but I feel this patch is safe enough to be part of the release\.

    Yves


Note that no test for this problem has been committed\.
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@p5pRT p5pRT commented Apr 26, 2017

From @demerphq

On 26 Apr 2017 7​:21 p.m., "Karl Williamson" <public@​khwilliamson.com> wrote​:

On 04/26/2017 10​:52 AM, demerphq wrote​:

No. Because we are debating if it should be reverted due to code freeze.
I personally think this is sufficiently isolated we should keep it. I am
waiting on sawyer to make a call...

Yves

Right, but if we keep it, shouldn't we also push a test?

Note that this is a regression introduced in 5.25

I already messed up the change log with a bunch of reverts. Id rather not
add another patch if it's just going to be reverted. So if sawyer approves
this change despite the code freeze then we can add a test, otherwise let's
have less to revert.

But one way or another we will need a test for sure. ☺️

Yves

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@p5pRT p5pRT commented Apr 27, 2017

From @xsawyerx

Just for the official record (and relating to James' email), I'm still
looking into whether to keep it or not.

(I'd rather discuss it with Yves instead of making a single-sided decision.)

Everyone, feel free to provide your opinion. Just keep it polite. :)

On 04/26/2017 06​:52 PM, demerphq wrote​:

No. Because we are debating if it should be reverted due to code
freeze. I personally think this is sufficiently isolated we should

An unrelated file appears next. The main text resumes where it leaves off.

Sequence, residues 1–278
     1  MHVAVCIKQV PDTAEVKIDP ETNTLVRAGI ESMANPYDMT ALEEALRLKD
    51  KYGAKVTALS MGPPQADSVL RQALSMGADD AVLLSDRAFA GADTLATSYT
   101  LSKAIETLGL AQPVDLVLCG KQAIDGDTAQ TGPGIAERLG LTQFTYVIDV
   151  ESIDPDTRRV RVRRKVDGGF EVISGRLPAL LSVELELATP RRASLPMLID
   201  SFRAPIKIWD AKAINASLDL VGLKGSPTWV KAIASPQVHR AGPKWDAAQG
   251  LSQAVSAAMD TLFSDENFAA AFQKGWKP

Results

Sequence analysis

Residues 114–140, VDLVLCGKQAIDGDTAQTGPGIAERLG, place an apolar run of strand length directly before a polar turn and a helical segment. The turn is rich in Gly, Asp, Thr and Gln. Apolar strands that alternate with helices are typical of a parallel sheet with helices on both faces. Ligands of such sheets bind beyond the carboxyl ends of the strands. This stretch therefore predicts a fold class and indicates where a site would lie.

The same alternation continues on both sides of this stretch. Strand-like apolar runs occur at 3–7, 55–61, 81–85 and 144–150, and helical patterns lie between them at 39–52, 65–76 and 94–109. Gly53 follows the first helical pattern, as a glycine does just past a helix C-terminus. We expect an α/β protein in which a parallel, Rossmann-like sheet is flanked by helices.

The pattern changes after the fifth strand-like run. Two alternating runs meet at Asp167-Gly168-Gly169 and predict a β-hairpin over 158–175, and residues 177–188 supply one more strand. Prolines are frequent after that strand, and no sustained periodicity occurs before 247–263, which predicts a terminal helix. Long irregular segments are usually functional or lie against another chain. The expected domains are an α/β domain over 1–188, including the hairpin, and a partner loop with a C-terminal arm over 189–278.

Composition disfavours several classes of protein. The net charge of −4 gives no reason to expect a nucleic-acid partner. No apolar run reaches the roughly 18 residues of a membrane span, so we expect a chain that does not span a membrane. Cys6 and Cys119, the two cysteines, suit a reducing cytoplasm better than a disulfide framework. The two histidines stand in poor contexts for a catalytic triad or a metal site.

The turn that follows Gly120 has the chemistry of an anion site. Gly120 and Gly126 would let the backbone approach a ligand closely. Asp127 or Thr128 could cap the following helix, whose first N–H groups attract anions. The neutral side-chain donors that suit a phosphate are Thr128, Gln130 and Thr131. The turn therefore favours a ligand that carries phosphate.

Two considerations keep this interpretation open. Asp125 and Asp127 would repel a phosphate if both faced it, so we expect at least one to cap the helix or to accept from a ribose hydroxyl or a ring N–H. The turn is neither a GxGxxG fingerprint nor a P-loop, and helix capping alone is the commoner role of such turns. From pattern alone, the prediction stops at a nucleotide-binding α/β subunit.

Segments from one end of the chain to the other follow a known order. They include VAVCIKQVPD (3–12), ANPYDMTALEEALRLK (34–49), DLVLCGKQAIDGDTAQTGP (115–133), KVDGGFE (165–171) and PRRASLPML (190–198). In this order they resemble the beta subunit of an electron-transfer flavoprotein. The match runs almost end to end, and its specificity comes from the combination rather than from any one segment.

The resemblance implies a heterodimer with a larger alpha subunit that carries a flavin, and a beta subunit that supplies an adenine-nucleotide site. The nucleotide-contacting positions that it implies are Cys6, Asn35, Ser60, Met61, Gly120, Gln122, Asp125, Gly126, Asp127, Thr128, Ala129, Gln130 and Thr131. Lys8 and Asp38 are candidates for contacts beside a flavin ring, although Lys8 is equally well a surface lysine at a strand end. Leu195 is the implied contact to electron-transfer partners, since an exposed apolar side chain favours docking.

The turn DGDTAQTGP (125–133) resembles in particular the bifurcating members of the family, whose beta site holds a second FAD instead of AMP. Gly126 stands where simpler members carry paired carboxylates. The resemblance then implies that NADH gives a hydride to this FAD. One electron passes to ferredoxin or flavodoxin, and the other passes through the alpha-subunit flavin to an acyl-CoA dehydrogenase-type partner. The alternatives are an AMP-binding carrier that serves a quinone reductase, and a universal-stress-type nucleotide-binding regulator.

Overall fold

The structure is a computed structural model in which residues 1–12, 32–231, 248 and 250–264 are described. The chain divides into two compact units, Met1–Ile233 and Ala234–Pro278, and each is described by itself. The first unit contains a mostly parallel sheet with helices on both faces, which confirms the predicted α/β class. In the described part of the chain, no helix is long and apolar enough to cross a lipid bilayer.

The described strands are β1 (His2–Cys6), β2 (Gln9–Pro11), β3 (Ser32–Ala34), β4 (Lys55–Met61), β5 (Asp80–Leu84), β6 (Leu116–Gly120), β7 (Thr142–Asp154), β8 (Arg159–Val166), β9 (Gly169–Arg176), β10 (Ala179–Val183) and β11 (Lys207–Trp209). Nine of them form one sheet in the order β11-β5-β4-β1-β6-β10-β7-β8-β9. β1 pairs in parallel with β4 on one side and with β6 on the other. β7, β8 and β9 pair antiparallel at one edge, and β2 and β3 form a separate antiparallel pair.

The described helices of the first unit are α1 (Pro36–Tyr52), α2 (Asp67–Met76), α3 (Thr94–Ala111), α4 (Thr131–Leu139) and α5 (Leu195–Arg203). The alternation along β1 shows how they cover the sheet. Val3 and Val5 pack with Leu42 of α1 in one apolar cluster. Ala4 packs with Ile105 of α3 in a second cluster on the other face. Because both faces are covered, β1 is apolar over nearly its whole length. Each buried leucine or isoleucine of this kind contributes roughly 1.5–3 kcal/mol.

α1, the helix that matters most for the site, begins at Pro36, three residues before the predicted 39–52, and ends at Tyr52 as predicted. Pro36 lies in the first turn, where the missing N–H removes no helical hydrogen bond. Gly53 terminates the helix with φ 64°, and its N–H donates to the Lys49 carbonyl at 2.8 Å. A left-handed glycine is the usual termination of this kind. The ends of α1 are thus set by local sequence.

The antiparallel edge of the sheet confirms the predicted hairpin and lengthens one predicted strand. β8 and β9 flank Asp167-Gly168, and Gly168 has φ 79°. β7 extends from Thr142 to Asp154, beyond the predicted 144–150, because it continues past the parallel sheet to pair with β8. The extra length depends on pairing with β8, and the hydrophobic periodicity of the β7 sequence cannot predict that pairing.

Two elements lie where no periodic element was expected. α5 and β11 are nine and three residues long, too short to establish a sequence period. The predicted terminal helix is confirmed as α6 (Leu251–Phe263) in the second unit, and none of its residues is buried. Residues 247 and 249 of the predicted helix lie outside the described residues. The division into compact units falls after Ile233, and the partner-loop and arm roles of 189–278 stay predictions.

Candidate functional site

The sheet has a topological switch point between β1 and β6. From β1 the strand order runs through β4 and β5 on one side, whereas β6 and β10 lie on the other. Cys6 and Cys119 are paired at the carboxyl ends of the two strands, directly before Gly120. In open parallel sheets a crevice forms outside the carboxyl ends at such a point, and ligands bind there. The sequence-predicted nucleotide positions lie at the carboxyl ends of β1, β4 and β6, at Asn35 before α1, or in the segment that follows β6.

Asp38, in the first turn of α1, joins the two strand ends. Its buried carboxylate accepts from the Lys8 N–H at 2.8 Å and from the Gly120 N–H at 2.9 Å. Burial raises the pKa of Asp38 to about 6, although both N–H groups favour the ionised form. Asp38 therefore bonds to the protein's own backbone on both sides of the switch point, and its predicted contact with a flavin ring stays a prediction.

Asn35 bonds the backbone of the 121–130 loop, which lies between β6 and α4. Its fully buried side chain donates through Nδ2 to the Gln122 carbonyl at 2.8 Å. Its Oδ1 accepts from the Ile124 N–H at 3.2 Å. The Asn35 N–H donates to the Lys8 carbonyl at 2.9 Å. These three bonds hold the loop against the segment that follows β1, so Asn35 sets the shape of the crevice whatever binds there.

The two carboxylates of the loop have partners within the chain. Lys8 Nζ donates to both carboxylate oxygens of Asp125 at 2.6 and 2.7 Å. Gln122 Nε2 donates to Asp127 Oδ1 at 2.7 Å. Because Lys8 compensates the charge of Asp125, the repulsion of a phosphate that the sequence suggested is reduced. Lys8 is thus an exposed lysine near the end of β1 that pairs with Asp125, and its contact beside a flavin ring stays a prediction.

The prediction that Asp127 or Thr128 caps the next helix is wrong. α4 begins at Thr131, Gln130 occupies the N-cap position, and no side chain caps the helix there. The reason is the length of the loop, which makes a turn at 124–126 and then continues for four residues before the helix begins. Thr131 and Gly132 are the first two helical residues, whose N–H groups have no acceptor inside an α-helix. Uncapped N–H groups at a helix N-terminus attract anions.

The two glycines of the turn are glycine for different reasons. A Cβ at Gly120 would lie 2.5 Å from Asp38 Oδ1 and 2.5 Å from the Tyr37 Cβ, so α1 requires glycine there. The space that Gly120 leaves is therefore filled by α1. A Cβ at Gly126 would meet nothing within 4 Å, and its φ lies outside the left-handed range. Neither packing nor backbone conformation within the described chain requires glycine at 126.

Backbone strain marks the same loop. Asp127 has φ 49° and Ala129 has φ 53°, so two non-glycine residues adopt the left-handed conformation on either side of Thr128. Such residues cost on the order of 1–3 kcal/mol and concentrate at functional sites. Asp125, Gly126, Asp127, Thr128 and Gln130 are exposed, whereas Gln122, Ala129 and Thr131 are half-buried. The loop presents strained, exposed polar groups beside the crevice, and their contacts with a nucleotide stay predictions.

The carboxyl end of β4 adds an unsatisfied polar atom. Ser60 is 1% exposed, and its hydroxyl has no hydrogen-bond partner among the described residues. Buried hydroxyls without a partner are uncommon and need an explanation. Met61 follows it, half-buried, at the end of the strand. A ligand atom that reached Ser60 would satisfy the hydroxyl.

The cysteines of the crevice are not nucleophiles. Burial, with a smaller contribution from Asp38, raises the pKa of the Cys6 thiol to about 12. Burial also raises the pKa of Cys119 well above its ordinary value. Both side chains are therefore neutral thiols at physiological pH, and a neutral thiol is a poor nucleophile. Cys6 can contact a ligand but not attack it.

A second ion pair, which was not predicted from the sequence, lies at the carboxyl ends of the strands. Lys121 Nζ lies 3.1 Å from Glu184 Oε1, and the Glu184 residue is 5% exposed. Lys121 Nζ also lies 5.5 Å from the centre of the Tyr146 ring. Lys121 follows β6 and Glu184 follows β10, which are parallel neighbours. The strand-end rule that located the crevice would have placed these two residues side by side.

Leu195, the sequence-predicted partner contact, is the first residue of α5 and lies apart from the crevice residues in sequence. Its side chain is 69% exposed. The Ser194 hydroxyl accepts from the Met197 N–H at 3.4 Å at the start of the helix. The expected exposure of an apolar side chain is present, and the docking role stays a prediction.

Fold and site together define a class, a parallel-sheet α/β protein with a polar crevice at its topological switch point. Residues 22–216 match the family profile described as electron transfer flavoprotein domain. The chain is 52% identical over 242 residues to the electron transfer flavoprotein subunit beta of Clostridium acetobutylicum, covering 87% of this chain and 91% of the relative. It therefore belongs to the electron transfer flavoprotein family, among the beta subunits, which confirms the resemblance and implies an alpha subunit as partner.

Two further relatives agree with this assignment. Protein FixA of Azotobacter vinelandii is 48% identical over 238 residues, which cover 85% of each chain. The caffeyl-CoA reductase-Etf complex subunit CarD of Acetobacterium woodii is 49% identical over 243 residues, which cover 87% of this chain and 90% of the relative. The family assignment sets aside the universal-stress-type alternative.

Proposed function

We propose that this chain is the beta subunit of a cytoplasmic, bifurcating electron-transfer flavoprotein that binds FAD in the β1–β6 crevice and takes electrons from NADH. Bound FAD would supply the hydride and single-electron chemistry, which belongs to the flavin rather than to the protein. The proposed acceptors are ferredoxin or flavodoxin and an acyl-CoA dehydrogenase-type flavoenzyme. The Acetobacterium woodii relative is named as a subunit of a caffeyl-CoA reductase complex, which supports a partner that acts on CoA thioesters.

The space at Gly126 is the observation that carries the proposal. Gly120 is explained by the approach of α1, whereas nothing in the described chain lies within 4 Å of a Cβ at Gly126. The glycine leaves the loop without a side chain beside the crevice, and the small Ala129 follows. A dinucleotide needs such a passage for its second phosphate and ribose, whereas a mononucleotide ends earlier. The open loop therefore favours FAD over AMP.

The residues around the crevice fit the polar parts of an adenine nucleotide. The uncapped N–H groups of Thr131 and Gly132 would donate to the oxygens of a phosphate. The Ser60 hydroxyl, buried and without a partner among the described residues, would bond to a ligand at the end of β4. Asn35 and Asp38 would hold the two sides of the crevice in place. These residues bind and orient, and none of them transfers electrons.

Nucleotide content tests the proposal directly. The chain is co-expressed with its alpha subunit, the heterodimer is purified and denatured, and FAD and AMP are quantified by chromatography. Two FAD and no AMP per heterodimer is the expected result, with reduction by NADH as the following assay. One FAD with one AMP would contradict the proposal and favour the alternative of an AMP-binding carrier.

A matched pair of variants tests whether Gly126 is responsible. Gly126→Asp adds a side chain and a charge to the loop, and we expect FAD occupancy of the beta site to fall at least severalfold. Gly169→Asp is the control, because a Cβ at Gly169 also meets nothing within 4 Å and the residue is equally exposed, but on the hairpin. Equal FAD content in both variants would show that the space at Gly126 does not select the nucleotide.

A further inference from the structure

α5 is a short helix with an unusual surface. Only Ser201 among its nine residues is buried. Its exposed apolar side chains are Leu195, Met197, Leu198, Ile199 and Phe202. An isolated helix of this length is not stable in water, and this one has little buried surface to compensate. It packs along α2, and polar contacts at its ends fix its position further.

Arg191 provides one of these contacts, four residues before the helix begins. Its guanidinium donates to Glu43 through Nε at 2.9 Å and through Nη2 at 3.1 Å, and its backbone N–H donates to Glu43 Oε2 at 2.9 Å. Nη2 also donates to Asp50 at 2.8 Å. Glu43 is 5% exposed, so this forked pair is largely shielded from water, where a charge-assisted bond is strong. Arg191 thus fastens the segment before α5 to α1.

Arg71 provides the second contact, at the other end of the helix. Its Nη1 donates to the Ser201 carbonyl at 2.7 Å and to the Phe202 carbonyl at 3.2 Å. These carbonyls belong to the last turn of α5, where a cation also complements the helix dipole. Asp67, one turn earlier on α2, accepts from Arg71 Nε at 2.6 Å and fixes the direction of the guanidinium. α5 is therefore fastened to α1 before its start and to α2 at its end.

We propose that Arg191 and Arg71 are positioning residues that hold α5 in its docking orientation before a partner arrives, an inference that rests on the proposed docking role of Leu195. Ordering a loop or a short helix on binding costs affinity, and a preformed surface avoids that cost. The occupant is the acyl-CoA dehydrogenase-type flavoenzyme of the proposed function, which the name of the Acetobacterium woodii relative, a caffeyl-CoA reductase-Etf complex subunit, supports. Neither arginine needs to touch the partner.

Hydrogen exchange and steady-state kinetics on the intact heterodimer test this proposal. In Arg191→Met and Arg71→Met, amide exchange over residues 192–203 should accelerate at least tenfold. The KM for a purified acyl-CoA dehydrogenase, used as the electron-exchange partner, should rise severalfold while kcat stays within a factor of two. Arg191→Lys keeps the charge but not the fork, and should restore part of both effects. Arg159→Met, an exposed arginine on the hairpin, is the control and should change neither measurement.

keep it. I am waiting on sawyer to make a call...

Yves

On 26 Apr 2017 6​:17 p.m., "Karl Williamson" <public@​khwilliamson.com
<mailto​:public@​khwilliamson.com>> wrote​:

On 04/24/2017 01&#8203;:20 AM\, demerphq wrote&#8203;:

    On 24 April 2017 at 06&#8203;:19\, Karl Williamson
    \<public@&#8203;khwilliamson\.com \<mailto&#8203;:public@&#8203;khwilliamson\.com>> wrote&#8203;:

        On 04/23/2017 01&#8203;:33 PM\, Zefram wrote&#8203;:


            Bisecting shows that the warning started appearing for
            that test script
            at v5\.21\.7\-165\-g613abc6 "Raise warning on multi\-byte
            char in single\-byte
            locale"\.

            Attempting to minimise the test script\, it turns out
            that the "use
            experimental" line is not required for any reason
            relating to smartmatch\,
            but simply for its effect on lexical warning flags\. 
            Anything touching
            lexical warnings will do\, such as the simpler "use
            warnings"\.  And thus
            enabling all warnings produces an additional warning
            that sheds some
            light on the matter&#8203;:

            $ perl \.\./rt131190
            Malformed UTF\-8 character \(empty string\) in pattern
            match \(m//\) at
            \.\./rt131190 line 8\.
            Wide character \(U\+FFFD\) in pattern match \(m//\) at
            \.\./rt131190 line 8\.

            Looks like the problem is that the check for wide
            characters should be
            passing in the UTF8\_ALLOW\_EMPTY flag\.  Without this\,
            when it's at end
            of string it perceives a malformed character\, for
            which it warns about
            malformation and substitutes in a replacement
            character\, which is wide
            and therefore triggers the wide character warning\.


        Actually\, the decode function shouldn't be getting called
        at all if there is
        nothing to decode\.


    I pushed a fix for this yesterday\.

    Dave M changed the var "nextchr" so that it supported a negative
    argument beyond its normal duties as holding the codepoint of the
    nextchar in the regex matching\. This negative argument\, \-10\,
    is used
    to represent the end of string\. \(All very reasonable\.\)